It’s funny how sometimes a word finds an idea, and once in the lingua franca, there’s no letting go. Up until a few months ago, I’m not sure ‘digitisation’ was a thing, but now it’s everywhere, and like a fantastic pop song, it now feels like it’s been around forever.
We are working on two significant digitisation programmes that are driving deep, structural and disruptive change in both organisations, both of which are large multinationals. Understandably, both programmes have big OD and change management agendas at their heart, but it’s the communication dimension that I’m finding most interesting.
We may be forgiven for assuming that the communication of ‘business digitisation’ should be digitally led. Surely it’s up to communicators to practice what is being preached, right? Well yes, but only up to a point. And I have a hunch. That it’s our over reliance on such mechanisms that is causing a lot of disruptive change to go wrong, or to not take hold.
In my view, and from what I’m seeing in both the organisations I’ve mentioned, there is a direct correlation between the depth of change and the level of emotional commitment needed from colleagues to pull it off. To secure that kind of commitment takes intense stakeholder engagement, and frankly, there’s going to be a lot of resistance to overcome. That means paying close attention to relationship building, trust building and constantly reinforcing the ‘why’ of the change as well as horse-trading over the ‘what and how’.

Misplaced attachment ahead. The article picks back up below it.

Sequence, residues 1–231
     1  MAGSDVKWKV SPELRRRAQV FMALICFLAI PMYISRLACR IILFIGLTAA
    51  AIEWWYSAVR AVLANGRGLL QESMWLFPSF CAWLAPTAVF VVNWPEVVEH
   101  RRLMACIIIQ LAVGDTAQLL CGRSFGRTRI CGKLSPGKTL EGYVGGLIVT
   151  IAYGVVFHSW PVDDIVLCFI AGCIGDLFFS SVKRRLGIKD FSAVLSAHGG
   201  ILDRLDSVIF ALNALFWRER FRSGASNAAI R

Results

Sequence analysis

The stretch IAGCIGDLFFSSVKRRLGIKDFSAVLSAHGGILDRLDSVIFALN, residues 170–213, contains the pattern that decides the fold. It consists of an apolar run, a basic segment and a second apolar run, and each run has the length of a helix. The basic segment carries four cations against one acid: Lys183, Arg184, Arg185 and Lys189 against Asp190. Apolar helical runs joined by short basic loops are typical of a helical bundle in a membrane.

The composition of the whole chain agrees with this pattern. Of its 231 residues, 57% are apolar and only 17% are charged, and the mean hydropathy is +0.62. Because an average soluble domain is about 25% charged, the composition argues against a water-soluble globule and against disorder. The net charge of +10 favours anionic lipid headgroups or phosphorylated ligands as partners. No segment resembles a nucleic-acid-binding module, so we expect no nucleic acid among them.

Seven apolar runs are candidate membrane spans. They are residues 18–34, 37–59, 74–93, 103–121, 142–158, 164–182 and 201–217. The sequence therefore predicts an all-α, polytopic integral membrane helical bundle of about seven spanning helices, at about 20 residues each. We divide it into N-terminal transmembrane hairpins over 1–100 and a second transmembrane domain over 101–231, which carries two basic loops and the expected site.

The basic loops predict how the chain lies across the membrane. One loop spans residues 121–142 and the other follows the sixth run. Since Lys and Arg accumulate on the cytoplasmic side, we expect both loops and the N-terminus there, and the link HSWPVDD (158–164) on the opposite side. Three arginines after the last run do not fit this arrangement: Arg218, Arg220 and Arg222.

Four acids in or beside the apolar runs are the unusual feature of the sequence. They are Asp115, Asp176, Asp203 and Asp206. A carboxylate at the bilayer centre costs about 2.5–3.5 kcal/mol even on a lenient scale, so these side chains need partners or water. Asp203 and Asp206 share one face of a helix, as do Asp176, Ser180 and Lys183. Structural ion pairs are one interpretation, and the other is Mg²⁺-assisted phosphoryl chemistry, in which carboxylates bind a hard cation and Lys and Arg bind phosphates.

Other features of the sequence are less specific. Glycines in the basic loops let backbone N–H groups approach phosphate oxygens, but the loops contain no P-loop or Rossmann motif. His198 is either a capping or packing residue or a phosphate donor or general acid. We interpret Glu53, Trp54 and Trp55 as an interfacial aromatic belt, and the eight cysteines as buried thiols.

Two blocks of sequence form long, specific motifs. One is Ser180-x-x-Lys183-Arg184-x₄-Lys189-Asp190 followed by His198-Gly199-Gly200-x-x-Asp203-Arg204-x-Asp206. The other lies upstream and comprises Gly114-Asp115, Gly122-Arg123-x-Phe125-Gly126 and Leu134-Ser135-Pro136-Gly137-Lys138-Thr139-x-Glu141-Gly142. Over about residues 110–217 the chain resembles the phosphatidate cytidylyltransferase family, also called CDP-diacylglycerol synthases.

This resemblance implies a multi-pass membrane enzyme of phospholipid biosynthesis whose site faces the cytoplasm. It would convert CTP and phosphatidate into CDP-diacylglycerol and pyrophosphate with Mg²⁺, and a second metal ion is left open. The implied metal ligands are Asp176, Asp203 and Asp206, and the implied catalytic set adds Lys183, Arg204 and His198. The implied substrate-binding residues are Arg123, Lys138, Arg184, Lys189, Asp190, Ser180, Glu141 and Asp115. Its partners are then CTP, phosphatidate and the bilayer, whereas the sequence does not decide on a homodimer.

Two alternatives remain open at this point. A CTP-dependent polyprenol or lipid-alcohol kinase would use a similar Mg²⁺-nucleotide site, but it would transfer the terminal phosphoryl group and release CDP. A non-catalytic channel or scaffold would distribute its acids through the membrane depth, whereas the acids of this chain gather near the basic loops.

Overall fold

A well thought out stakeholder map is therefore vital, but even more important is doing what the map demands to keep people close. Great stakeholder management comes down to building trust, and the best way to build trust is through regular, unvarnished, old-fashioned face-to-face contact. With this foundation in place, digital communication can be a powerful, cost effective and time-efficient medium to keep stakeholders engaged. So if it’s change you want, when it comes to business digitisation, before you go digital, best go analogue.
I like the idea that developing the next generation of leaders falls as much to the current generation as it does the Learning and Development team. Without a culture where emerging leadership is truly valued and nurtured, it doesn’t matter how sophisticated the leadership development programme is, without the foundation of a strong leadership culture firmly in place, it’s not going to have the desired effect.
In the last month, I’ve had a couple of public-speaking outings, one as a panel member for the launch of the latest research from The Leadership Council on Global Talent in the UK, and the other a talk to the Association for Business Psychology. Of the two, I should have been more anxious about the panel discussion, largely because the rest of the panel and most of the audience can best be described as both ‘great’ and ‘good’.